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North Carolina directs financial assistance package to water utilities and households

  • North Carolina directs financial assistance package to water utilities and households

It has been almost six months since the pandemic swept across the United States, and water utilities and their customers are feeling the financial consequences, though they vary widely across utilities, reports Circle of Blue.

A new report by the Environmental Finance Center of the University of North Carolina has found the effects seem manageable for water utilities from a state-wide perspective, but individual utilities face significant challenges and do not have reserves to endure prolonged COVID-19 conditions and the implications for their finances.

Of concern are several utilities with arrears that amount to more than 5% of revenue, with more than 40% of their customers with arrears, more than 20% eligible to be disconnected, and/or owing more than $500.

Meanwhile, taking a broader view, the report analysed trends in arrears for 147 utilities that did report arrears every month between April and July, finding that the per cent of accounts past due was stable, while the amount of average arrears increased. A smaller number of utilities reported data that allowed comparisons with 2019: 84 utilities experienced an increase between 17% and 29% in the number of households with past due accounts compared to the same period (April to July) in 2019. In terms of total arrears, for 89 utilities reporting that type of data, it was 42% higher at the end of July 2020 than at the end of July 2019.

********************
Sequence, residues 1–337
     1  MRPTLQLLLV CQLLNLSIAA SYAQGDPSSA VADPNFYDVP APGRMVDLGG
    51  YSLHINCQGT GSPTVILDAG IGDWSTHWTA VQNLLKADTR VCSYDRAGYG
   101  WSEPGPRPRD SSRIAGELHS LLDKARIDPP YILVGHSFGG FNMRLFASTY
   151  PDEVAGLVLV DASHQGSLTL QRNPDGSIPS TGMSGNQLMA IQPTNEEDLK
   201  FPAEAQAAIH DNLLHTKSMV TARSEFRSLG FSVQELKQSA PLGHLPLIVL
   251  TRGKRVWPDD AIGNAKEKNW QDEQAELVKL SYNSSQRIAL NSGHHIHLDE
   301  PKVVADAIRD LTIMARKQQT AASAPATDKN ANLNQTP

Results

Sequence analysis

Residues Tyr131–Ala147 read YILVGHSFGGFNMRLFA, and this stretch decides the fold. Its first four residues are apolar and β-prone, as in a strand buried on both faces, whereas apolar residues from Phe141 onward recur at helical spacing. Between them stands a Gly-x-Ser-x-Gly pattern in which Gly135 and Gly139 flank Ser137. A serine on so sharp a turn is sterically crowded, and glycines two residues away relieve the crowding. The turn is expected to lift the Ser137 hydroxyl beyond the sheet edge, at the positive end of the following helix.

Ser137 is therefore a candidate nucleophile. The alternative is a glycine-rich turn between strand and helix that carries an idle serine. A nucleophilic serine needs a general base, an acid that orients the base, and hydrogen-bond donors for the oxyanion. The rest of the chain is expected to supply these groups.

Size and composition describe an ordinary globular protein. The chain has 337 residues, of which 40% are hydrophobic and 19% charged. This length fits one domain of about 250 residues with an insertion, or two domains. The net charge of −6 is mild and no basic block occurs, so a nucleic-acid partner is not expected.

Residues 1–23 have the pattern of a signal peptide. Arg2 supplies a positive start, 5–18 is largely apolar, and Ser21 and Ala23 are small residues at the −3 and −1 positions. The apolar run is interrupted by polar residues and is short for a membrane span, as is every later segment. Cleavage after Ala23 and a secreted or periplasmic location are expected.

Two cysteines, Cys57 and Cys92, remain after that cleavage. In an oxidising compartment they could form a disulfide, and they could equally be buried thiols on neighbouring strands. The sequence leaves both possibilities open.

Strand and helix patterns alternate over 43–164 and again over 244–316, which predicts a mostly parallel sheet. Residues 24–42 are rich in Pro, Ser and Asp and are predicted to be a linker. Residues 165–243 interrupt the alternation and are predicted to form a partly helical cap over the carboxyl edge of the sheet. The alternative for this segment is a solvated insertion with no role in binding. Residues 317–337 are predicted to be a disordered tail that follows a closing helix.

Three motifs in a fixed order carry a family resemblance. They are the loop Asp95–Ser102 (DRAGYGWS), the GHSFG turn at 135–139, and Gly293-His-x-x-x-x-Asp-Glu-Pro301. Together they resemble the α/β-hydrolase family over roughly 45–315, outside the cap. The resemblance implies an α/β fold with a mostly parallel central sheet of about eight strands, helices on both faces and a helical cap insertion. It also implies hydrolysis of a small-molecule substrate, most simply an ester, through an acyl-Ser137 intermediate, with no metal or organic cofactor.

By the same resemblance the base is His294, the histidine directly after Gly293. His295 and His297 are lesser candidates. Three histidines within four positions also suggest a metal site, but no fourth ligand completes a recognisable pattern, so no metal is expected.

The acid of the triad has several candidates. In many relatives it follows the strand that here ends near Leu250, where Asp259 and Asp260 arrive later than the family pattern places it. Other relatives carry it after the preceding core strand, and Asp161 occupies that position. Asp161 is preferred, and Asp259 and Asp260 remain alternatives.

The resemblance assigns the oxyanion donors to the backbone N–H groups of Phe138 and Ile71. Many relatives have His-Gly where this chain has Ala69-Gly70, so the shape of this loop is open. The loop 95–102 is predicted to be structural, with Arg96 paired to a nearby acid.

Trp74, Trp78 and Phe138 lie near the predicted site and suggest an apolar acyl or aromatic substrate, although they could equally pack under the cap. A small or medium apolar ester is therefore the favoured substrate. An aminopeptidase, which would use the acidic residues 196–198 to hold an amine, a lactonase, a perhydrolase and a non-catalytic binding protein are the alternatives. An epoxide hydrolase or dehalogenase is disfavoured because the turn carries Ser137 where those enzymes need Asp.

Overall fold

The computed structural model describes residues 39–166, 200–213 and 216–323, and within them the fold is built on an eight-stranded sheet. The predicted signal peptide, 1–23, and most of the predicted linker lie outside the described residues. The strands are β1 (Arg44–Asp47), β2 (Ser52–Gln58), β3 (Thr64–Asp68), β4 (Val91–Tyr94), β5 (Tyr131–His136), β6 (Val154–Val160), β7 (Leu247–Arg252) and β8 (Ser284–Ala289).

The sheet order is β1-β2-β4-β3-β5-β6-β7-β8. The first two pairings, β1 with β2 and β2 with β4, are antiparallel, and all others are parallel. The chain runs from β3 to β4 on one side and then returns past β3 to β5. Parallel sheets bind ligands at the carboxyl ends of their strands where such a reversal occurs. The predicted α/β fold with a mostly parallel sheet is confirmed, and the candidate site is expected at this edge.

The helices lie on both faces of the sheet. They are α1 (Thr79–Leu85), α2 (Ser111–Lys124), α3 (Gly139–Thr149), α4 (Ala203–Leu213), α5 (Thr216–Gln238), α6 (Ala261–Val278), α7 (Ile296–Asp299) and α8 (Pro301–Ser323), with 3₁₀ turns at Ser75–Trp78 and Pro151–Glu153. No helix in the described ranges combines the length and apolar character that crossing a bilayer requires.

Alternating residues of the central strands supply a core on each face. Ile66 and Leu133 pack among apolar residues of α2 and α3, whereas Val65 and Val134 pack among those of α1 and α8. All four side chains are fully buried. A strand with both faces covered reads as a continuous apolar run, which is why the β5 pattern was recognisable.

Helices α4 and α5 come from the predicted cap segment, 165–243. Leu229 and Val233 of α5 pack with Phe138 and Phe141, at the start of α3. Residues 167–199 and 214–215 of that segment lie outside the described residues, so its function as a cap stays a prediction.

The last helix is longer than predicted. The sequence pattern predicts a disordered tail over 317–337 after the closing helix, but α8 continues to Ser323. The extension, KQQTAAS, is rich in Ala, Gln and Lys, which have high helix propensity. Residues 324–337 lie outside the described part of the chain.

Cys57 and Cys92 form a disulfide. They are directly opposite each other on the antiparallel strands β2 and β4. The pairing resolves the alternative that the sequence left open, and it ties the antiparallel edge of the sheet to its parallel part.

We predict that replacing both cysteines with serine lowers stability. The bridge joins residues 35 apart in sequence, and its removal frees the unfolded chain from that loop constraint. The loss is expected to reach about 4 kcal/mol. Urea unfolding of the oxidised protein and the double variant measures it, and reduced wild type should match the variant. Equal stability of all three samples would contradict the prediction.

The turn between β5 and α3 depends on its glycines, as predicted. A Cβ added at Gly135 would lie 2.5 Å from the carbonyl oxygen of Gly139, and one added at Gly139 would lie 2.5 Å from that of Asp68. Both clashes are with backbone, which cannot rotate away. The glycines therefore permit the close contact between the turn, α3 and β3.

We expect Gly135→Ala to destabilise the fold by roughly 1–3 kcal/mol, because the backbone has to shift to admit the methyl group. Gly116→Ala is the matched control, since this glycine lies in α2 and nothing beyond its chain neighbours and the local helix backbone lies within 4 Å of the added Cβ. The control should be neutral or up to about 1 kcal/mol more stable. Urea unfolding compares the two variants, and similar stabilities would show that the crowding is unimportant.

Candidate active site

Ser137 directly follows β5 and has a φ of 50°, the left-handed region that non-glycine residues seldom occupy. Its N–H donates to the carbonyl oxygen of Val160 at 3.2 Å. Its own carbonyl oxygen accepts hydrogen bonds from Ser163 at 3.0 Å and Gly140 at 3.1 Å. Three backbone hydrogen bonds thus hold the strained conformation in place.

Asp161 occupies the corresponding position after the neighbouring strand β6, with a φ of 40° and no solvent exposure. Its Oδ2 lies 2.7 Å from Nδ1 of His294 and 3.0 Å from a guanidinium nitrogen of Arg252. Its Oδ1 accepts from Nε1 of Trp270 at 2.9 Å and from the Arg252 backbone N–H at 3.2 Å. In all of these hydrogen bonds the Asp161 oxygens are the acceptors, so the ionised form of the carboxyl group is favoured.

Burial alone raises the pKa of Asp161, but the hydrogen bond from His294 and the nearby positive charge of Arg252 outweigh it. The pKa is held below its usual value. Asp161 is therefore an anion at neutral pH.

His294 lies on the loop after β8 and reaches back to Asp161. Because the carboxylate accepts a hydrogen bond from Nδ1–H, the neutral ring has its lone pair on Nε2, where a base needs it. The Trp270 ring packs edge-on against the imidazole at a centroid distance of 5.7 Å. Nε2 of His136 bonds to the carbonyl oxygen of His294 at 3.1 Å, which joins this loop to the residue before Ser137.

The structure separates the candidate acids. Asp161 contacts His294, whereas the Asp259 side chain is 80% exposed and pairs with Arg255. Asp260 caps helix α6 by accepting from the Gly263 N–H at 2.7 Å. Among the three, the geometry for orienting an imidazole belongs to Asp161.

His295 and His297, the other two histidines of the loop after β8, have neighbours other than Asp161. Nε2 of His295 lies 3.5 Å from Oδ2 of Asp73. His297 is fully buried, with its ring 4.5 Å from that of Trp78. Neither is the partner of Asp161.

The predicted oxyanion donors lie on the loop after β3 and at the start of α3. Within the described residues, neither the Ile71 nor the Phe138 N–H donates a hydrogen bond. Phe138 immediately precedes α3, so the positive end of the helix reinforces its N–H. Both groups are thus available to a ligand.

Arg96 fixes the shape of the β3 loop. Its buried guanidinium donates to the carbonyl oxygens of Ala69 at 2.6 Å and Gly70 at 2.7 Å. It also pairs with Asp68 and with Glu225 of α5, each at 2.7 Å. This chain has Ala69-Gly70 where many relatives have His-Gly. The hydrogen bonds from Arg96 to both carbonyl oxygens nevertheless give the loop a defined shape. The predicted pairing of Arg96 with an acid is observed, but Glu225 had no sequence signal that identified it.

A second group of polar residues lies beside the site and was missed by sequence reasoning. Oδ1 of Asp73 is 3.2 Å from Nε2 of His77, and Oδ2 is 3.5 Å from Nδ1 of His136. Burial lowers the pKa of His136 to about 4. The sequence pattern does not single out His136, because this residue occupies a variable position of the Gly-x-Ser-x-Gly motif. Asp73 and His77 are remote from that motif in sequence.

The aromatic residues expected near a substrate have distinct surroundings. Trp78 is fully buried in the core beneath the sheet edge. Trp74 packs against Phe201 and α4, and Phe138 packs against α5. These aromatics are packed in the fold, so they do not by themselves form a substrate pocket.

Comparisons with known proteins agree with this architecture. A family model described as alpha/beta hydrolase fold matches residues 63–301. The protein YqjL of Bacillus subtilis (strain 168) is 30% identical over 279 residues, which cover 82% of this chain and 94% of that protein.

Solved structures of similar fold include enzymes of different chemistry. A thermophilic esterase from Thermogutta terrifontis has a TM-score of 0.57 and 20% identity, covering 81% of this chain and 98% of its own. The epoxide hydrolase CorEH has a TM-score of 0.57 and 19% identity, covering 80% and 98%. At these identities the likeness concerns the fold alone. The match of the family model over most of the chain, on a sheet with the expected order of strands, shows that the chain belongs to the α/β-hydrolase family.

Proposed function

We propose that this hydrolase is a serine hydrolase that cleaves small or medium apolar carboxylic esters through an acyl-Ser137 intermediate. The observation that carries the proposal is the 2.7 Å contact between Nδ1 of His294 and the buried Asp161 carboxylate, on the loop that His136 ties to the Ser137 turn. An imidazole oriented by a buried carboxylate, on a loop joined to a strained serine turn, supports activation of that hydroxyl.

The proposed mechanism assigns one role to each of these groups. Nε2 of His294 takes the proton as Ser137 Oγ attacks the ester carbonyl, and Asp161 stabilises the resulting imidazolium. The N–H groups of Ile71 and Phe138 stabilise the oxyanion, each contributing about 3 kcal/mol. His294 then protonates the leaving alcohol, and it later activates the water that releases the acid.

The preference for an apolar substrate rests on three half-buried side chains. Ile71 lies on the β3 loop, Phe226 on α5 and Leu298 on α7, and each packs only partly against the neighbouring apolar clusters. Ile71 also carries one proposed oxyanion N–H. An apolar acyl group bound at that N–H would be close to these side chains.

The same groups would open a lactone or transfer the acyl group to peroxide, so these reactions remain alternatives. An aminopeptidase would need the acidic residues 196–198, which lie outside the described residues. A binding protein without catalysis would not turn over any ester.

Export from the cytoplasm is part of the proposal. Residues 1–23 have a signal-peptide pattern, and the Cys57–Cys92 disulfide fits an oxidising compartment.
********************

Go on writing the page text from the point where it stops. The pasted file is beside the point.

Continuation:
At the end of August Gov. Ray Cooper announced a $175 million package of financial aid to help households undergoing economic hardship as a result of the pandemic pay their rent and utilities (water, gas and electricity), as well as small local governments. The financial aid programs will likely be running by mid-October.

The advocacy group North Carolina Justice Center worries that the package may not be large enough and calls for $400 million to pay off utility past-due balances. Al Ripley, director of consumer, housing and energy affairs for the advocacy group describes a “patchwork” in the state, where depending on where you live, you have different options. Most residents are served by municipal water providers, while a small part of them are served by private utilities, regulated by the NC utilities Commission. The governor moratorium on shutoffs applied to the first, and lasted from March 31 to July 29. Meanwhile, the Utilities Commission’s moratorium lasted from March 19 to September 1. Debt repayment terms also differ. While the threat of shutoffs can prompt payment, it would exacerbate their situation of customers experiencing severe financial stress.

Many factors come into play in terms of which utilities will be most affected by revenue losses, according to Elsemarie Mullins, co-author of the report. The length of repayment plans, the portion of the debt recovered, residential versus commercial customers and the changes in usage by the latter, etc. Smaller utilities are expected to suffer more long-term effects, and regional mergers are an option to contemplate.

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